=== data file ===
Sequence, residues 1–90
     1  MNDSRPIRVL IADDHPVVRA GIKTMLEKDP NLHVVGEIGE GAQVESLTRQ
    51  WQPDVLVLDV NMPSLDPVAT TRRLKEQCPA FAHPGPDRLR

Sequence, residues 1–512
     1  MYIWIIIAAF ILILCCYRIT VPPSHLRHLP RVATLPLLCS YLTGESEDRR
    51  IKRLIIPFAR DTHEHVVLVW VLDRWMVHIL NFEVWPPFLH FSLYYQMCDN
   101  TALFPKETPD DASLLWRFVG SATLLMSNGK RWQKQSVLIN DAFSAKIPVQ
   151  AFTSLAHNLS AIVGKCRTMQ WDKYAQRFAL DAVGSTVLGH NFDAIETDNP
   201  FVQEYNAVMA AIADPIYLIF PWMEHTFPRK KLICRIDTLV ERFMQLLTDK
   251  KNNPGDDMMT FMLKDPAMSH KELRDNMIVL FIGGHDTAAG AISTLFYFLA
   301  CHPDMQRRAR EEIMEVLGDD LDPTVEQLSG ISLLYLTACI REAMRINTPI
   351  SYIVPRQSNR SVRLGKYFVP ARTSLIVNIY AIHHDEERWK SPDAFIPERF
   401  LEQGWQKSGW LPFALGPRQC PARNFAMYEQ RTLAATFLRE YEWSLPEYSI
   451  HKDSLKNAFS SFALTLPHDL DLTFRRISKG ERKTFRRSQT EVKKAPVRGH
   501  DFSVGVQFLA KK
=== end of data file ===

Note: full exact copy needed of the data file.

Sequence, residues 1–90
     1  MNDSRPIRVL IADDHPVVRA GIKTMLEKDP NLHVVGEIGE GAQVESLTRQ
    51  WQPDVLVLDV NMPSLDPVAT TRRLKEQCPA FAHPGPDRLR

Sequence, residues 1–512
     1  MYIWIIIAAF ILILCCYRIT VPPSHLRHLP RVATLPLLCS YLTGESEDRR
    51  IKRLIIPFAR DTHEHVVLVW VLDRWMVHIL NFEVWPPFLH FSLYYQMCDN
   101  TALFPKETPD DASLLWRFVG SATLLMSNGK RWQKQSVLIN DAFSAKIPVQ
   151  AFTSLAHNLS AIVGKCRTMQ WDKYAQRFAL DAVGSTVLGH NFDAIETDNP
   201  FVQEYNAVMA AIADPIYLIF PWMEHTFPRK KLICRIDTLV ERFMQLLTDK
   251  KNNPGDDMMT FMLKDPAMSH KELRDNMIVL FIGGHDTAAG AISTLFYFLA
   301  CHPDMQRRAR EEIMEVLGDD LDPTVEQLSG ISLLYLTACI REAMRINTPI
   351  SYIVPRQSNR SVRLGKYFVP ARTSLIVNIY AIHHDEERWK SPDAFIPERF
   401  LEQGWQKSGW LPFALGPRQC PARNFAMYEQ RTLAATFLRE YEWSLPEYSI
   451  HKDSLKNAFS SFALTLPHDL DLTFRRISKG ERKTFRRSQT EVKKAPVRGH
   501  DFSVGVQFLA KK